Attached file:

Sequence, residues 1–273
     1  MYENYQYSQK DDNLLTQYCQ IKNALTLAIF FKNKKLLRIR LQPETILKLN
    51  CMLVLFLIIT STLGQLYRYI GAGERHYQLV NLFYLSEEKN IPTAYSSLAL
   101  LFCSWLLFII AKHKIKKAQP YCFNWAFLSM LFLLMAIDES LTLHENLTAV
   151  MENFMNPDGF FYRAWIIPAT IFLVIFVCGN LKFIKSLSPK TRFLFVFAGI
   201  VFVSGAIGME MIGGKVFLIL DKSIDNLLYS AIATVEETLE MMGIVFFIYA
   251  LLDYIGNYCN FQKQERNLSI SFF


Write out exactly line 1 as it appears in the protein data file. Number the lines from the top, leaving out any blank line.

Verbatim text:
Sequence, residues 1–273